HSINCHU, Taiwan -- Broadcom Corp. is utilizing the wafer fabs of United Microelectronics Corp. for the development of what Broadcom calls the world's first 8-port switch chip for use in Gigabit Ethernet networks.
UMC, the No.2 chip foundry worldwide, is making the Gigabit-Ethernet-based switch-on-a-chip -- code-named BCM5680 G-Switch -- on its 0.25-micron process. The cycle time is 23 days with high yields, according to Hsinchu-based UMC.
"This is indicative of an industry trend where more of our customer base is increasingly represented by developers and providers of communication, data handling, and networking technology," said Jim Ballingall, UMC's vice president of worldwide marketing. "Approximately 40% of UMC's sales are derived from customers supplying the communications markets."
Irvine, Calif.-based Broadcom said last month that the BCM5680 enables OEMs to build an 8-port Gigabit Ethernet switch at a price of less than $200 per port. The solution delivers non-blocking, wire-speed performance on every port, simultaneously forwarding, routing, and filtering voice, video and data packets at one billion bits per second.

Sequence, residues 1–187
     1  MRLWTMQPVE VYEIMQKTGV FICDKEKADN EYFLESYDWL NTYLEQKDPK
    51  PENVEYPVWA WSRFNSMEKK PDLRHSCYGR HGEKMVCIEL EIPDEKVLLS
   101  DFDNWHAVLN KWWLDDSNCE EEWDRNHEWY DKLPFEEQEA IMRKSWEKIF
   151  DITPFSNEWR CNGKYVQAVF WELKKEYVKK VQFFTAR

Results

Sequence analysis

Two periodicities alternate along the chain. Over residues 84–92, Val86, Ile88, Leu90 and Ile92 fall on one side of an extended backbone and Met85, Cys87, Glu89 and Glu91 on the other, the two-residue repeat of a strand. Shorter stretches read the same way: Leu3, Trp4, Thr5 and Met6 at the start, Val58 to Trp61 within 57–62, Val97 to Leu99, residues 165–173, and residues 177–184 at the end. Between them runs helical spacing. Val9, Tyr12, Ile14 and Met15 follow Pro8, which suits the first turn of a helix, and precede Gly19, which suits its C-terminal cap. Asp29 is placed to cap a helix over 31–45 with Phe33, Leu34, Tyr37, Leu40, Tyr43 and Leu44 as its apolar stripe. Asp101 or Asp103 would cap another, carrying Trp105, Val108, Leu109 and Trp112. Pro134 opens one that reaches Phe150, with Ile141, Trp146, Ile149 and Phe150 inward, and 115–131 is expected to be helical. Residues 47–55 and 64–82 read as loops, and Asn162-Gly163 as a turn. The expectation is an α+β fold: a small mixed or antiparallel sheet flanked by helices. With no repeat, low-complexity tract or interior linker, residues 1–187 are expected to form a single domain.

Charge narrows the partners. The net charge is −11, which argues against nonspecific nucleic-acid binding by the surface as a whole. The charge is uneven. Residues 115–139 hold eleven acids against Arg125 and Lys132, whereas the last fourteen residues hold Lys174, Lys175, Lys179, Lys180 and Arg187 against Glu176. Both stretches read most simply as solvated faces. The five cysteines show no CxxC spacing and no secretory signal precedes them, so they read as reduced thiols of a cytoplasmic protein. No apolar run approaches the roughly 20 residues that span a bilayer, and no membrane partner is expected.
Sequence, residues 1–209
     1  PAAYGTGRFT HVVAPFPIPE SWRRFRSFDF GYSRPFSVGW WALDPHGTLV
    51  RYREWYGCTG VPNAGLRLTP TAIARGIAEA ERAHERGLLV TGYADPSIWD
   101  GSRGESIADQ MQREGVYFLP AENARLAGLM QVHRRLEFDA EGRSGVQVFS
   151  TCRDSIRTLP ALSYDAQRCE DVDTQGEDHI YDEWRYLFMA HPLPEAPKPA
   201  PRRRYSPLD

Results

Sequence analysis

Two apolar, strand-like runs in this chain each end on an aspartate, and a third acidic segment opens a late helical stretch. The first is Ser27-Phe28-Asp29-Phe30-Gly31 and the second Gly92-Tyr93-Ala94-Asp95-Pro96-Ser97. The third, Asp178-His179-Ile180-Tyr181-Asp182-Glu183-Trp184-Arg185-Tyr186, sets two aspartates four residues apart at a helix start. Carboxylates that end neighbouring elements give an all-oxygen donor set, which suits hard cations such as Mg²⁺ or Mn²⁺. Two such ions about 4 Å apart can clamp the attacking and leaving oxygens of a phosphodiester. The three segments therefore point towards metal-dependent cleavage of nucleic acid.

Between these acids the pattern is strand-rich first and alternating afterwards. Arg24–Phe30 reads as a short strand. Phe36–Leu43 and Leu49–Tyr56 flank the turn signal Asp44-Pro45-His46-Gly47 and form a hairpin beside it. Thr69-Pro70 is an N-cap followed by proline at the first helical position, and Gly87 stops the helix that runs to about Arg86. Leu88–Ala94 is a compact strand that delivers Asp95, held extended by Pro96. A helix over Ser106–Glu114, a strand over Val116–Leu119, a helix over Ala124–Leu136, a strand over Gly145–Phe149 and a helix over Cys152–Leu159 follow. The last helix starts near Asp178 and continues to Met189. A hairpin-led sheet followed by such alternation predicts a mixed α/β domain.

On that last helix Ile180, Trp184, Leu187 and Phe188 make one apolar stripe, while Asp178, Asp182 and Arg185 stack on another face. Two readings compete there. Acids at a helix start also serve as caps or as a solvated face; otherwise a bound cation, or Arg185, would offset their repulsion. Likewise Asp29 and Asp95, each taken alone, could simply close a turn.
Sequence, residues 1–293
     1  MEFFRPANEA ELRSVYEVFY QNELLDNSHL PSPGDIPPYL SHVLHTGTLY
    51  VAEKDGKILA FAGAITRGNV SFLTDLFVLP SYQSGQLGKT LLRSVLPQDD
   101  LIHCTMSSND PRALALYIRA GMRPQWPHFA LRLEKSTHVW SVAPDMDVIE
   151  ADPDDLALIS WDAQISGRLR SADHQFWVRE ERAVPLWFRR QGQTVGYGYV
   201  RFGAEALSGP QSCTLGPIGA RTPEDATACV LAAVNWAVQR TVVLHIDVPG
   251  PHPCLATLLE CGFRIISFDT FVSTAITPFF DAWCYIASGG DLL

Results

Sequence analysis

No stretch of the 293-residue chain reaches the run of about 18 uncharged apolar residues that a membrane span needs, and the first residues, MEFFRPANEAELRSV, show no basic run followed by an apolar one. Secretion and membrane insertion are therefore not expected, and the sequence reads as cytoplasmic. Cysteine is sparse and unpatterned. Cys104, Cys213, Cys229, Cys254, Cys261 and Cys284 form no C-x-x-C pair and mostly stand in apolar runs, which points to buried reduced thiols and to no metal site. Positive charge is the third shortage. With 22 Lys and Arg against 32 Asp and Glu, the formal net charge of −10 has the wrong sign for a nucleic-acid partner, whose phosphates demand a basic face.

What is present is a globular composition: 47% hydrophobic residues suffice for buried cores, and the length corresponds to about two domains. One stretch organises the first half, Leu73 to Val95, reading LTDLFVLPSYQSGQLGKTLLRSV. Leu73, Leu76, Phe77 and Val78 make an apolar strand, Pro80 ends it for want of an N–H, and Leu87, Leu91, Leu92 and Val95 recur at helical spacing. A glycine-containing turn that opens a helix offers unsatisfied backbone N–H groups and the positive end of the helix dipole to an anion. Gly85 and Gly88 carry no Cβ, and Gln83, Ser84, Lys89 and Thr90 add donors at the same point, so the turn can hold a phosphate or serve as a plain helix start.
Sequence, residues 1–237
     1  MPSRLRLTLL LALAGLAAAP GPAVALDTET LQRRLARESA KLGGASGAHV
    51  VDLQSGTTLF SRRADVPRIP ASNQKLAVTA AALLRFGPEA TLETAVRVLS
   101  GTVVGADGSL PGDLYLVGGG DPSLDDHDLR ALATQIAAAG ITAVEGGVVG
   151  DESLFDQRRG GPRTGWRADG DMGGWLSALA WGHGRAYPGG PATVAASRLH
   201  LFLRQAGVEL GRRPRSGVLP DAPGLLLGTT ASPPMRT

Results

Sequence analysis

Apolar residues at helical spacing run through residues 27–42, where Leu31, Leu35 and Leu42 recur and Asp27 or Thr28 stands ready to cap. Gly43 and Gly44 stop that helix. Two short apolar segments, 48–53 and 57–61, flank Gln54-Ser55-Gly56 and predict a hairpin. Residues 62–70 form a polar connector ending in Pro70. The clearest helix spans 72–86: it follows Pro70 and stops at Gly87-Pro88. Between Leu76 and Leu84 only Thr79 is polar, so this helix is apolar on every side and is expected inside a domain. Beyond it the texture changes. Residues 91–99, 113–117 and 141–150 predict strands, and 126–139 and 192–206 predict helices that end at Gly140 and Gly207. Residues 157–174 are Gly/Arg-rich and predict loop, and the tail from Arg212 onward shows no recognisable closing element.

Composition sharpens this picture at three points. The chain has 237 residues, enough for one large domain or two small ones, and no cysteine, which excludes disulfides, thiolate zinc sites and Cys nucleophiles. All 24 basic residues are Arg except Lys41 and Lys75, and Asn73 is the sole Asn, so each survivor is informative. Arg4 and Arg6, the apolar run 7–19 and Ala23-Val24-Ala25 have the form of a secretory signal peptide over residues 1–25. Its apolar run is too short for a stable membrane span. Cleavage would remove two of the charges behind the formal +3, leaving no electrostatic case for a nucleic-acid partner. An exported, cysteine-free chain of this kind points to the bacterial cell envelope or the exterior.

This is not the first time that UMC has manufactured products for Broadcom. UMC said it has entered volume production for Broadcom's multi-layer, multi-capability networking IC -- the StrataSwitch BCM5600 -- a wire-speed, multi-layer switch that combines switching, routing, and traffic classification functionality into a single monolithic IC.
According to Broadcom, the BCM5680 represents the industry's first 8-port 10/100/1000-BASE-T switch with on-chip packet buffering and multi-layer switching functions. On-chip packet buffering eliminates any requirement for external memory devices in the system design, which reduces the number of chips on the board.
UMC operates fabs in Taiwan and Japan and has two 12-in.-wafer fabs under construction. More than half of the company's forecast capacity of 2.4 million wafers this year will be dominated by advanced 0.18- and 0.25-micron technology.